And it worked very well. We ended up identifying four items – temperature, high wind, precipitation, and coastal storms – as key climate-affected hazards.
Source: Were there any surprises for you? Things that came out of the workshop discussions that you maybe didn’t expect?
Ayyub: In terms of surprises, I don’t think we had many. Maybe one item – the temperature group wanted to include ice and permafrost that affect cold regions.
As background: when we design in cold regions, we consider the soil properties to contain frozen water. Water affects soil strength tremendously, whether or not it’s in cold regions. The minute you add water, the properties are different. So always, water is a factor in all of this. In cold regions, if temperature starts to go up, the soil properties start to change, and that will affect the foundation systems. We could have some foundations that settle and tracks could become misaligned for railroads, and things of this kind. So that’s a major concern. This topic was added to the report.
We had been aware of it. The Committee on Adaptation to a Changing Climate interacted with the ASCE Cold Regions Engineering Division, so we were aware of it. But the temperature group wanted to bring that as part of the coverage in the workshops.
Source: So much of this work is about tangible progress and specific work. Can you update us on any things from this partnership that are already happening?
Ayyub: There are a few updates beyond the workshop.
While we were planning for the workshop and the ASCE-NOAA Climate Summit, NOAA was planning their funding in terms of what research they should do in the current and future fiscal years. They want impactful products, and ASCE will give them the way to have big impacts on building codes.
As a result, they were planning for a program – MAPP: Modeling, Analysis, Predictions, and Projections. And we affected that program tremendously. Big elements of that program were inspired by discussions with ASCE. The ASCE-NOAA Task Force is involved in one of those projects to make sure that we will influence their products toward meeting the needs of civil engineering practitioners. So this is one impact.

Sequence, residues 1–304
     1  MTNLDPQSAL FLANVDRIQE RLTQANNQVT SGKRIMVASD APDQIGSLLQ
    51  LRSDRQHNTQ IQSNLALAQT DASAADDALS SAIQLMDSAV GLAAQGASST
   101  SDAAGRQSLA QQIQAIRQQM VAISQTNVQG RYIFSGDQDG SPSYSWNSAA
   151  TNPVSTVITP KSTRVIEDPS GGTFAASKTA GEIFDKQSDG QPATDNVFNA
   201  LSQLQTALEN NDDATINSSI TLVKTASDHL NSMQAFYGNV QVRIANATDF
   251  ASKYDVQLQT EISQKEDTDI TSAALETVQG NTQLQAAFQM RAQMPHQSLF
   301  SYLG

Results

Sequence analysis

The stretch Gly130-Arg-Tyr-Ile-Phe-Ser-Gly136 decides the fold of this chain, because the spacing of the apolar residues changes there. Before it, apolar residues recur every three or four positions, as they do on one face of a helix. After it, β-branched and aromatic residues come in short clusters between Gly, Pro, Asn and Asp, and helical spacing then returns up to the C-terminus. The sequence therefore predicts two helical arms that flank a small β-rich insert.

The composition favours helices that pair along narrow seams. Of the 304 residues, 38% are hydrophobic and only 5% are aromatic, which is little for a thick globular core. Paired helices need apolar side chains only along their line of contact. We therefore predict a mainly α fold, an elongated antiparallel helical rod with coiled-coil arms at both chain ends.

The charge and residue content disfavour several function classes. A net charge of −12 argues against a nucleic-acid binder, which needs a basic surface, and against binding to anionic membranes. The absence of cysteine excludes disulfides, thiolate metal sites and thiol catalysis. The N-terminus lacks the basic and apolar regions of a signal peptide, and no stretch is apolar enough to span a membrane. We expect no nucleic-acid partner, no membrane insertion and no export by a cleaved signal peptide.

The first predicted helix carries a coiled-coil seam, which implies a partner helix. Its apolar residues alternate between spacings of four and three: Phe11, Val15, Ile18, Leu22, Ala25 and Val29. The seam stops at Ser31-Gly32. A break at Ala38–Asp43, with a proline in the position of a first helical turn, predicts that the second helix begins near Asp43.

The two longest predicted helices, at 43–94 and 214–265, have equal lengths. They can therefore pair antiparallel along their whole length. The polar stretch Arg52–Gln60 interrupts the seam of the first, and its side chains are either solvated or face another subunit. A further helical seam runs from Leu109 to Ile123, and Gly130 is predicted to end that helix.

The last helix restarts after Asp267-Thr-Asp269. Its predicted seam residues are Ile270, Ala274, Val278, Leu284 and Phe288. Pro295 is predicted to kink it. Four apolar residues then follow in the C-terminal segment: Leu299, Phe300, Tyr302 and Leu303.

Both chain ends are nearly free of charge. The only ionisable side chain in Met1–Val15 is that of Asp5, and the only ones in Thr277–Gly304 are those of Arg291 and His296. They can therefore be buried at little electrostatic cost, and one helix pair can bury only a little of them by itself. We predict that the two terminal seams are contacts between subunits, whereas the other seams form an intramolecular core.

Another is climate services. The whole concept nowadays is being led by the National Science and Technology Council, such as the 2023 Federal Framework and Action Plan for Climate Services, and they have many agencies involved – OSTP, NOAA, FEMA, and others. In this country, we have the National Weather Service, but we don’t have a National Climate Service. There are no projections that are done in a formal manner. So many federal agencies are trying to do this. So now there is an effort at the national level to coordinate all this toward having a global climate service. This goes beyond engineering.
The way they are considering structuring it is by user groups. They are looking at engineering, and particularly ASCE and what we are doing, as being one of the first user groups they’d like to address.
So we are influencing that in some ways – not necessarily by direct engagement, but I know they are looking at what we are producing very carefully, and they are using it as a basis to define climate services. So that’s another, in my opinion, significant impact.
The other one is NIST [National Institute of Standards and Technology]. NIST has started a series of workshops, and the focus is on some of the gaps which we and others have identified – tornadoes, ice, and flooding, and so on. And we have NIST researchers who are involved in our task force. So we’re influencing what NIST is doing by having NIST members on the ASCE-NOAA Task Force.
When I say influence – the influence is really both ways. It’s a very dynamic process. But our interaction with NOAA has really solidified that process.
Read the ASCE-NOAA Workshop report.